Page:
How to Handle Transitions With Your Pet

Snoopy and Charlie Brown | Heidi's Hounds | South Shore MA

All good things must come to an end, even our gorgeous New England summers! As summer winds down, vacations end, and kids go back to school, keep in mind this time of year not only brings change in routine for humans, but for our furry friends as well.

Household Pets Like Routine

Dogs and cats grow accustomed to kids being home and the hustle and bustle of summertime fun around the house! Your pets may experience separation anxiety when kids go back to school and mom and dad go back to work. You may notice subtle changes in behavior; a sad dog or cat who mopes around or sleeps a lot more. Or your dog may suddenly start chewing things he shouldn’t and your cat may do a lot more meowing.

All domestic pets love routine as it makes them feel safe and secure. They like knowing certain things happen at the same time each day. If your family has been around all summer, playing outside with the dog and giving kitty extra love and snuggles, then suddenly the kids are gone to school and the house is quiet, it can be upsetting to your furry friends. Some pets just feel sad and confused, and others feel real separation anxiety and may act up.

How to Handle Your Pet’s Separation Anxiety

This is a family matter and a great learning experience for children. Let your kids know that their dog or cat is going to miss them when they’re gone to school all day and discuss ideas so they can help their pets through the transition. If your kids spend quality time with their pets upon returning home from school each day, this will become your pet’s new routine and he will start to look forward to that time together. Homework time is a great time for Fido or Fluffy to curl up next to the kids and bond with them. I would discourage prolonged, sad goodbyes every morning. For an anxious pet, this will only reinforce his anxiety about being alone for the day. Better to make the morning goodbye upbeat and brief or eliminate completely.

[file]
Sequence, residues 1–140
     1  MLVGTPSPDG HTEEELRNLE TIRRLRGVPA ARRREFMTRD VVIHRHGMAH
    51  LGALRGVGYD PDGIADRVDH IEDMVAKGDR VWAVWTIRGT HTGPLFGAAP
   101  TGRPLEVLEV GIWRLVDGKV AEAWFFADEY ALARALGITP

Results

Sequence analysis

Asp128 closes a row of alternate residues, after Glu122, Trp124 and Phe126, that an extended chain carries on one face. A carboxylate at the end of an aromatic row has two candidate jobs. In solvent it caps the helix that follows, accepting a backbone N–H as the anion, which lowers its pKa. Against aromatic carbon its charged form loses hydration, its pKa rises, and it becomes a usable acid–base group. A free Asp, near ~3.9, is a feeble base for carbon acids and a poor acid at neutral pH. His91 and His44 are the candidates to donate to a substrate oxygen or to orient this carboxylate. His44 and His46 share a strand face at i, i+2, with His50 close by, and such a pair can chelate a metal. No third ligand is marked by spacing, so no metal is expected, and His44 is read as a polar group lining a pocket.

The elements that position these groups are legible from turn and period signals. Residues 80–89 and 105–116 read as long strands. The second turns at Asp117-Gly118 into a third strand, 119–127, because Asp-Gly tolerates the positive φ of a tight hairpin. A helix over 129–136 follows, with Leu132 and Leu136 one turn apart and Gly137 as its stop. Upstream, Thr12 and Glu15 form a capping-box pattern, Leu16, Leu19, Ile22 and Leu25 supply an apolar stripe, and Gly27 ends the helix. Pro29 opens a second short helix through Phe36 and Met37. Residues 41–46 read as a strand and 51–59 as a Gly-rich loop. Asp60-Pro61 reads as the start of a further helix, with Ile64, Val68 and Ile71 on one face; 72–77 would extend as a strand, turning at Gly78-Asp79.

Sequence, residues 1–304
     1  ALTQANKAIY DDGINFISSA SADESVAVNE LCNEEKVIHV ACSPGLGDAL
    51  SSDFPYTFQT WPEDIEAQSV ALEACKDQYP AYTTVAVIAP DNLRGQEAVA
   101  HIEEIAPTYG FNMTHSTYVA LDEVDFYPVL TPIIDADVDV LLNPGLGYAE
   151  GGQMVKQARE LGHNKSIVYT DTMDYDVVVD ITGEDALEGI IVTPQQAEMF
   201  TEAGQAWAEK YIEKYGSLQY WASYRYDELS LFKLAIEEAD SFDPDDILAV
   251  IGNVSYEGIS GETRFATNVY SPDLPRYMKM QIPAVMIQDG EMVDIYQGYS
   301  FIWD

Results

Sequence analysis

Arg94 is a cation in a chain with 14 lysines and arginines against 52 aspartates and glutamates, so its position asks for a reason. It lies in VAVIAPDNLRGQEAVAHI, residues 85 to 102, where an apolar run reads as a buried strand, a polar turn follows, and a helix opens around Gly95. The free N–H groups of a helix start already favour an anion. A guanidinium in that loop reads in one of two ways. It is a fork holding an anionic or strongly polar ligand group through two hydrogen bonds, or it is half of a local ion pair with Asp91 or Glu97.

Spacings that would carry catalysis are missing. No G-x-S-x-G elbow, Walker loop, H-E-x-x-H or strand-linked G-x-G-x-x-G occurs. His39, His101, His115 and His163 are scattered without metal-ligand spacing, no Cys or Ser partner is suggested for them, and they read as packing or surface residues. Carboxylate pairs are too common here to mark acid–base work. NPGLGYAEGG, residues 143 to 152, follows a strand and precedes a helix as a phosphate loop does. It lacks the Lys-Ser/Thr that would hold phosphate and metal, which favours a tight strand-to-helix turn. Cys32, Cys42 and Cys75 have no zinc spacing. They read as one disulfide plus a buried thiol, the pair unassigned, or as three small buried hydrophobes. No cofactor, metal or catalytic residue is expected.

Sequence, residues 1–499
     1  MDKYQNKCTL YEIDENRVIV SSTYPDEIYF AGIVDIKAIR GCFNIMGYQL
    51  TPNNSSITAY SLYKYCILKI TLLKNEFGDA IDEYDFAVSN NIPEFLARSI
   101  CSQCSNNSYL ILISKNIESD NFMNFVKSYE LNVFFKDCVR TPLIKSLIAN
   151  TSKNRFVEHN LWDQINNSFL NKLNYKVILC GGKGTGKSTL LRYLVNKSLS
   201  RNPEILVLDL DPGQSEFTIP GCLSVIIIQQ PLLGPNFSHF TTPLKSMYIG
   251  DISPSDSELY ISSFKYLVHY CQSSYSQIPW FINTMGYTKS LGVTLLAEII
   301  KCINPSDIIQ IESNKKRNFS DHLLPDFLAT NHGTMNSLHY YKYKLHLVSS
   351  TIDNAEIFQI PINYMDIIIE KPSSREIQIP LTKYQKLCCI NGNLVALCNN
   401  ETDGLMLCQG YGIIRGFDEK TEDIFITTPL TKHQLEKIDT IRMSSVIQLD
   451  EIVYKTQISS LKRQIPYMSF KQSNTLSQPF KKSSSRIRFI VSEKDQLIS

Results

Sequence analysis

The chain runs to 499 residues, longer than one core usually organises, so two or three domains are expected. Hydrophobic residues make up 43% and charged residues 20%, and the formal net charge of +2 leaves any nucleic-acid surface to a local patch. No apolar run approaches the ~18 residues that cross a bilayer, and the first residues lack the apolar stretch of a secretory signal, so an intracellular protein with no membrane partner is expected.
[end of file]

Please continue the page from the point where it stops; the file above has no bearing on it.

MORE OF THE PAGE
Here are a few additional ideas that can help your pet make the transition into Fall:

Smart Toys for Pets

Smart toys are designed to make pets problem solve and work for their treats. They are great if your pet is home alone for extended periods of time. The market is full of smart toys for dogs and cats that range from a basic kibble dispenser to more advanced puzzle like options that require your pet to move pieces around to get to the hidden treats.

Do a quick Google search and you’ll find many options for both dogs and cats. If you keep a couple on hand you can rotate them periodically to keep your pets interest!

Here are a couple that I really like:

http://outwardhound.com/shop/star-spinner

http://www.petsmart.com/cat/toys/trixie-mad-scientist-beaker-cat-toy-zid36-11440/cat-36-catid-200099

Pet Sitters and Dog Walkers

Hiring someone to walk your dog – or even just visit and play with him while you’re at work and kids are at school can go a long way. If using a professional service every day isn’t in the budget, try a long session once or twice a week. The key is to find a service that matches your pet’s needs. If you have a big, active dog, you want someone who can take him on long, strenuous hikes to wear him out. If you have a mellow dog or cat, maybe he’d prefer someone to brush and pet him quietly for a half hour.

Remember if everyone in the house is gone most of the day, your pets are going to be bored. You and your kids may have had a very busy day, but your pet has done virtually nothing ALL DAY LONG. It’s important to keep this in mind even though you come home exhausted. Providing your dog and cat vigorous play and attention on a daily basis will help them burn pent up energy and help them get used to the change in daily activities in their household.